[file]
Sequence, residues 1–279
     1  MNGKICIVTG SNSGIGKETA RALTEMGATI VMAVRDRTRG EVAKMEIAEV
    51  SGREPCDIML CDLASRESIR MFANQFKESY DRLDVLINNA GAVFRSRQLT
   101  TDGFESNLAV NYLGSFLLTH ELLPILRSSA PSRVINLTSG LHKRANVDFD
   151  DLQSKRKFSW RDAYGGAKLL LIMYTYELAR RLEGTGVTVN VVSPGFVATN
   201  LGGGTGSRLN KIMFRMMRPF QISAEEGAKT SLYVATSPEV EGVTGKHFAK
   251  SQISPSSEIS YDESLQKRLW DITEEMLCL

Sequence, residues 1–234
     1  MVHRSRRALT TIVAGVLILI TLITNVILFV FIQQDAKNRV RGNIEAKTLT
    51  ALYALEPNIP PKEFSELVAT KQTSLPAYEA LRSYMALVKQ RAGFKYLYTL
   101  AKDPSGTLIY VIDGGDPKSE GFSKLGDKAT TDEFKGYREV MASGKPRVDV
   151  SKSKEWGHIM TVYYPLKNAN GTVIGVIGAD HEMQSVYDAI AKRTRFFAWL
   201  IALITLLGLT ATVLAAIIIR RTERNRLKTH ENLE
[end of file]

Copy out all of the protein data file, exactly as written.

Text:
Sequence, residues 1–279
     1  MNGKICIVTG SNSGIGKETA RALTEMGATI VMAVRDRTRG EVAKMEIAEV
    51  SGREPCDIML CDLASRESIR MFANQFKESY DRLDVLINNA GAVFRSRQLT
   101  TDGFESNLAV NYLGSFLLTH ELLPILRSSA PSRVINLTSG LHKRANVDFD
   151  DLQSKRKFSW RDAYGGAKLL LIMYTYELAR RLEGTGVTVN VVSPGFVATN
   201  LGGGTGSRLN KIMFRMMRPF QISAEEGAKT SLYVATSPEV EGVTGKHFAK
   251  SQISPSSEIS YDESLQKRLW DITEEMLCL

Sequence, residues 1–234
     1  MVHRSRRALT TIVAGVLILI TLITNVILFV FIQQDAKNRV RGNIEAKTLT
    51  ALYALEPNIP PKEFSELVAT KQTSLPAYEA LRSYMALVKQ RAGFKYLYTL
   101  AKDPSGTLIY VIDGGDPKSE GFSKLGDKAT TDEFKGYREV MASGKPRVDV
   151  SKSKEWGHIM TVYYPLKNAN GTVIGVIGAD HEMQSVYDAI AKRTRFFAWL
   201  IALITLLGLT ATVLAAIIIR RTERNRLKTH ENLE